Sunday, July 22, 2007

Presidents Don't Matter?

In the Times, Tom Redburn makes the case that "Executive Power Reaches a Limit at the Economy." Traditionally "the economy" is a central issue in presidential elections, though it seems to be overshadowed at the moment. Redburn writes:
But this lack of focus on the current state of the economy could actually prove to be a good thing. That’s because American presidents, for all their efforts to claim credit for a growing economy or avoid blame for a slump, don’t really have much influence over such ups and downs. Almost none, in fact. Yet the tendency to attribute such God-like powers to the occupant of the White House obscures what Washington can actually do to improve the way the economy performs over the longer run.
The article offers a nice comparison of the current recovery with the previous one, and some nifty graphics. I completely agree with Redburn that the influence of the President on short-run economic fluctuations is often greatly exaggerated, and yet:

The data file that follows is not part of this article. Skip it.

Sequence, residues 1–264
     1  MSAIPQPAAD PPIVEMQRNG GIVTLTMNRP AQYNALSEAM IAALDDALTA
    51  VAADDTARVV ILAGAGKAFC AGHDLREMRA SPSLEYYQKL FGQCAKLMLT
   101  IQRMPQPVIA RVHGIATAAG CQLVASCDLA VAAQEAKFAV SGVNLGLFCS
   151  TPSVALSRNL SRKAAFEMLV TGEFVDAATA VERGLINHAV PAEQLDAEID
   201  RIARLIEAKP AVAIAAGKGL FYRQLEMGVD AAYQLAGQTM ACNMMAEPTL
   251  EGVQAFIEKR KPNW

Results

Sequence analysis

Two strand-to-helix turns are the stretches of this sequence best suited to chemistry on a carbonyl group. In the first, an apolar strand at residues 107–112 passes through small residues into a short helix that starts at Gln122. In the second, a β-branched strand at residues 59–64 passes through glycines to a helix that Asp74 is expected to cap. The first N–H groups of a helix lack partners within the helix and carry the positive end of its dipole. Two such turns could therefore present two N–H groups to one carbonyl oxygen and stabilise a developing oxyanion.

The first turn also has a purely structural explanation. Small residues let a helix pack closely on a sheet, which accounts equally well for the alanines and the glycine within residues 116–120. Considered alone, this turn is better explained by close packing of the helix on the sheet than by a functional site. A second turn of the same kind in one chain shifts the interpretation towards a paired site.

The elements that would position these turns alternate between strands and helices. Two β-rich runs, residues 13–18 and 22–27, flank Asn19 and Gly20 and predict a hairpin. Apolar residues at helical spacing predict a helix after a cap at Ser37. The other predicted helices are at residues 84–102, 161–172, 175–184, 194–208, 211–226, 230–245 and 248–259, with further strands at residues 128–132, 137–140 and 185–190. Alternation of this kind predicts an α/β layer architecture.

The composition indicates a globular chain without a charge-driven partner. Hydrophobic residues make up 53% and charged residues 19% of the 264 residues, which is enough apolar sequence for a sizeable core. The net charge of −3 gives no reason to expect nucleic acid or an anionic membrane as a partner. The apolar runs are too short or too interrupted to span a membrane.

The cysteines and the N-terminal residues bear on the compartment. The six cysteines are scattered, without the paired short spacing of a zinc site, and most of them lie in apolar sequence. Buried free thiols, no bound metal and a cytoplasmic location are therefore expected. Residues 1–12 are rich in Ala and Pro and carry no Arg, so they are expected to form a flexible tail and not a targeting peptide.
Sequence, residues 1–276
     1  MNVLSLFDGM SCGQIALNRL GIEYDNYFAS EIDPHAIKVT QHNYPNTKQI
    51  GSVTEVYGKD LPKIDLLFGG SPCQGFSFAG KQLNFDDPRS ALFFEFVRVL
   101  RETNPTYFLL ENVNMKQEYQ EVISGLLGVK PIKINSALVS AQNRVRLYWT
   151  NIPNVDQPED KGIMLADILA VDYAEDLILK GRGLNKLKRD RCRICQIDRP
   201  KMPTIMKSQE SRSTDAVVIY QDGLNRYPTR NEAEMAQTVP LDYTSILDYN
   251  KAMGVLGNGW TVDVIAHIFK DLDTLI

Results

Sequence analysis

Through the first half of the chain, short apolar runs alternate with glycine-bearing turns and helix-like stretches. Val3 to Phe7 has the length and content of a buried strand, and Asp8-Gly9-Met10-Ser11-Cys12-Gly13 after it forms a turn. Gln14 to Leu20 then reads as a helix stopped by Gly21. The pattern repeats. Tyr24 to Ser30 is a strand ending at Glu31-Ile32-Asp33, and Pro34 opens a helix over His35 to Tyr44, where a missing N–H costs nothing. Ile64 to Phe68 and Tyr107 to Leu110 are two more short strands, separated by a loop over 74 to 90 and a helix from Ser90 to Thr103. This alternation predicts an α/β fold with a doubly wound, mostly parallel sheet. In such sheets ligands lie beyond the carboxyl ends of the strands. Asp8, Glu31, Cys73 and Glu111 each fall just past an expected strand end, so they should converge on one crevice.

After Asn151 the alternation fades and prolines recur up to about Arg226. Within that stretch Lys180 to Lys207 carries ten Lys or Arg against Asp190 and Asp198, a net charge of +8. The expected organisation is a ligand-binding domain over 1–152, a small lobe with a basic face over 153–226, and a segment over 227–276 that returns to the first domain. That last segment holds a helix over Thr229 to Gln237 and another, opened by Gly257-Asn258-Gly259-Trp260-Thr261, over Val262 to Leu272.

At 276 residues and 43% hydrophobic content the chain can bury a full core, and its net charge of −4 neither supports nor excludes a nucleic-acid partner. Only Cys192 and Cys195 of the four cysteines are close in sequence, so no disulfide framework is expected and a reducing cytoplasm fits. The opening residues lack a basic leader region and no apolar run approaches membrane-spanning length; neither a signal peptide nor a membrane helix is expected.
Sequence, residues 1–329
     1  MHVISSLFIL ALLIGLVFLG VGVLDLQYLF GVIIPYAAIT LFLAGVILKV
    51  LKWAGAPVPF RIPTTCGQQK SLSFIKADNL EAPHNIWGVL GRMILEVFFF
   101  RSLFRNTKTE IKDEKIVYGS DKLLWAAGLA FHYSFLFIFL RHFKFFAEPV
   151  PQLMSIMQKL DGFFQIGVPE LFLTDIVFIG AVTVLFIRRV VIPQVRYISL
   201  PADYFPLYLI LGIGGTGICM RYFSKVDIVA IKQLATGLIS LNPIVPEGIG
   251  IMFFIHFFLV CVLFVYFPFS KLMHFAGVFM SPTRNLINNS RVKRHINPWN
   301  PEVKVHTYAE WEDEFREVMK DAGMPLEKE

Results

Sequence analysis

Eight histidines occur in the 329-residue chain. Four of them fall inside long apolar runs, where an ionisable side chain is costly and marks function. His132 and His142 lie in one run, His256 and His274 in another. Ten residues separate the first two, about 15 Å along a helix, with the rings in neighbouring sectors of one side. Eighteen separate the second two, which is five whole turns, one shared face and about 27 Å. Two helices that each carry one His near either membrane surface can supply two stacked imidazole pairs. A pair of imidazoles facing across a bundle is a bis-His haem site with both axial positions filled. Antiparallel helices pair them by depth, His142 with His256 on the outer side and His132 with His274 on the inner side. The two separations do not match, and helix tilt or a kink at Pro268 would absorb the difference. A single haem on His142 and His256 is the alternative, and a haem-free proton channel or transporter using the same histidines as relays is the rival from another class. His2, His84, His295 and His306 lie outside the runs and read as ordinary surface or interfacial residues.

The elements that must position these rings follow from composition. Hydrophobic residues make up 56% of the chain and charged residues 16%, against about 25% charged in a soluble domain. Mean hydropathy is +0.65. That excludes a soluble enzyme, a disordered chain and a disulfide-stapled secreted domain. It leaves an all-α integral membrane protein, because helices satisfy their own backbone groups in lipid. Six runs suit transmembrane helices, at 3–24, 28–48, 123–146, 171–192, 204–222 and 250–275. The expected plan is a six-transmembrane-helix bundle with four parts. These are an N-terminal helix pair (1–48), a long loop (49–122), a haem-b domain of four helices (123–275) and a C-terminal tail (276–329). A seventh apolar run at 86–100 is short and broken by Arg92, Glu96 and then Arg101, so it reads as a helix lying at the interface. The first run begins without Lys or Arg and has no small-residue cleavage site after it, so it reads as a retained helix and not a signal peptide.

Average annual real GDP growth
Eisenhower (1953-60) - 2.87
Kennedy-Johnson (1961-68) - 4.73
Nixon-Ford (1969-76) - 2.72
Carter (1977-80) - 3.20
Reagan-Bush (1981-1992) - 2.93
Clinton (1993-2000) - 3.64
Bush (2001-2006) - 2.51

Republican (34 yrs) - 2.79
Democratic (20 yrs) - 3.99

That's a (economically) significant difference. Ok, so maybe the performance of the economy really has more to do with decisions taken the previous year, so, for example, 2001 should be attributed to Clinton, rather than Bush. Shifting everything by 1 year raises the Republican average to 2.84 and lowers the Democratic average to 3.83, still leaving a Democratic advantage of 0.99.

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